In FY21, faculty reviewers selected Colleen Mistler, MS (Allied Health Sciences) to receive the Fisher Fellowship for her dissertation work focused on identifying and tailoring innovative strategies to optimize PrEP-focused HIV prevention Recognizing Excellence

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INCHIP PROVIDES NEW EXCELLENCE AWARD

FOR RESEARCH ON RACIAL/ETHNIC HEALTH DISPARITIES

InCHIP Excellence Awards are given annually to recognize the outstanding work of InCHIP faculty affiliates. Reflecting InCHIP’s continued commitment to combating racism and systemic inequities, a new award was added this year: the Excellence Award for Research on Racial and Ethnic Health Disparities and Health Outcomes of Racism. The following FY21 awardees each received $500 in research funds:

Junior Faculty Research Excellence Award

Community-Engaged Health Research Excellence Award

Angela Bermudez Millan, PhD, MPH

Marlene Schwartz, PhD

(Public Health Sciences) recently received an NIH R21 grant to examine whether food insecurity is a risk factor for the development of diabetes in Latinas. Informed by her background in public health and nutritional sciences, Bermudez Millan is conducting important formative work to understand how the monthly cycling of food insecurity is associated with dietary intake and quality, mental distress, and diabetes risk markers in Latinas of childbearing age. Bermudez Millan is an exceptionally skilled collaborator who has been an active member of the InCHIP community for several years, including participating in InCHIP’s grant writing training.

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Recognizing Excellence

(HDFS/Rudd Center) is a leading expert in the areas of childhood nutrition, obesity, and food insecurity. She has dedicated her extraordinarily productive career to supporting health equity by improving the nutrition environment among communities in Connecticut and across the nation. Both within K-12 schools and the charitable food system, Schwartz has worked with community partners and critical stakeholders to create innovative, evidence-based, practical tools that are used to implement changes at the local, state, and national levels. Schwartz serves as a model for how to conduct community-engaged research that is scientifically rigorous, widely disseminated across the discipline and the public, and impactful on local communities and policy.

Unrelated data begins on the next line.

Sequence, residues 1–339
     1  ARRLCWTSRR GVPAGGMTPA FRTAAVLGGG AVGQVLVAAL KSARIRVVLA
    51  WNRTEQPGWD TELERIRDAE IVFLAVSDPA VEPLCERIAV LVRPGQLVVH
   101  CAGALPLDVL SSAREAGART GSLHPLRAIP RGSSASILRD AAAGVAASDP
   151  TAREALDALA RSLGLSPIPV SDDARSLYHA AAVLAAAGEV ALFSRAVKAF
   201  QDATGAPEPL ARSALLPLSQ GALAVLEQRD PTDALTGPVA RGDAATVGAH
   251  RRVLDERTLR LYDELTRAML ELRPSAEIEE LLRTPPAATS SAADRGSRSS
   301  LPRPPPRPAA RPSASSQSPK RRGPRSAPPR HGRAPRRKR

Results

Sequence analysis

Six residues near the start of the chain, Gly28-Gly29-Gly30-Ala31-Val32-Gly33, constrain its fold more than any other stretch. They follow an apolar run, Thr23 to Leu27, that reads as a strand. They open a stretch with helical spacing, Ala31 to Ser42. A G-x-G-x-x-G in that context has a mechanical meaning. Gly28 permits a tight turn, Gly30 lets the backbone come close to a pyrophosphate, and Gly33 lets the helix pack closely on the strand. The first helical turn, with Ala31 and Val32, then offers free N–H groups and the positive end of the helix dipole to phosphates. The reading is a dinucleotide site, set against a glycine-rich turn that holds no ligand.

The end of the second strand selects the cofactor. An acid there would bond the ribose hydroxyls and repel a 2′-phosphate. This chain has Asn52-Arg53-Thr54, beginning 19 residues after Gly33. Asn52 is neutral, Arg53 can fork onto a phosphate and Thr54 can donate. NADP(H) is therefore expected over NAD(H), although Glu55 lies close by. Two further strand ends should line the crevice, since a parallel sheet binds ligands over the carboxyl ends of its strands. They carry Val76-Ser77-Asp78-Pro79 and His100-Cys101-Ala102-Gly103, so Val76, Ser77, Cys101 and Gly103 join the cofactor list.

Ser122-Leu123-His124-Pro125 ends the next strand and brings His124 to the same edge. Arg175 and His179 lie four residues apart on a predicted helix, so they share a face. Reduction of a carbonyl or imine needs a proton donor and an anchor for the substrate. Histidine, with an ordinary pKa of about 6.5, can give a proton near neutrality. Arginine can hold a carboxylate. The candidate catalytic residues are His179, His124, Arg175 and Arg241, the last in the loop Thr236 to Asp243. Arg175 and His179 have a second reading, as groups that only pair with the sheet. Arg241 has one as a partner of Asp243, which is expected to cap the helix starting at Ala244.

Excellence Award for Research on Racial and Ethnic Health Disparities and Health Outcomes of Racism Kristen Cooksey Stowers, PhD (Allied Health Sciences) joined the UConn community in 2016, with an established interest in structural racism in the food system. Cooksey Stowers’ principal area of research focuses on reducing inequities in diet-related health outcomes by improving food environments through sustainable policy solutions. Her current research aims to achieve a better understanding of food swamps and health inequities via community-based participatory research projects in the North Hartford Promise (NHP) Zone. In 2020, Cooksey Stowers was awarded a USDA National Institute of Food and Agriculture grant to assess home food environments in NHP food swamps. She is also collaborating on an InCHIP Rolling Seed Grant to Develop Interdisciplinary Research Teams to create a multidisciplinary plan to evaluate the impact of the Healthy Hartford Hub on improving racial disparities in food shopping habits and consumption, and a Community-Engaged Seed Grant to develop a psychometrically sound food swamp audit tool. As noted by one of her nominators, Cooksey Stowers has “clearly made significant research contributions in the area of racial and ethnic health disparities, health equity, and structural racism.”

Excellence in Faculty Mentoring Award Seth Kalichman, PhD (Psychological Sciences) has provided extensive mentorship throughout his career to graduate students and junior faculty building careers in HIV prevention and care. His closest collaborator, Lisa Eaton, PhD (HDFS), now a full professor and extremely successful researcher, began her career as a graduate student working in Kalichman’s lab. Together with Eaton, they have mentored several junior faculty working in areas related to HIV. For the past two years, Kalichman has directed InCHIP’s NIH R-Series Bootcamp, where he has led faculty through the process of writing their first NIH research grant. Through this program, in addition to formal didactic instruction, Kalichman has provided extensive feedback on proposal drafts and offered insight into navigating the NIH review process.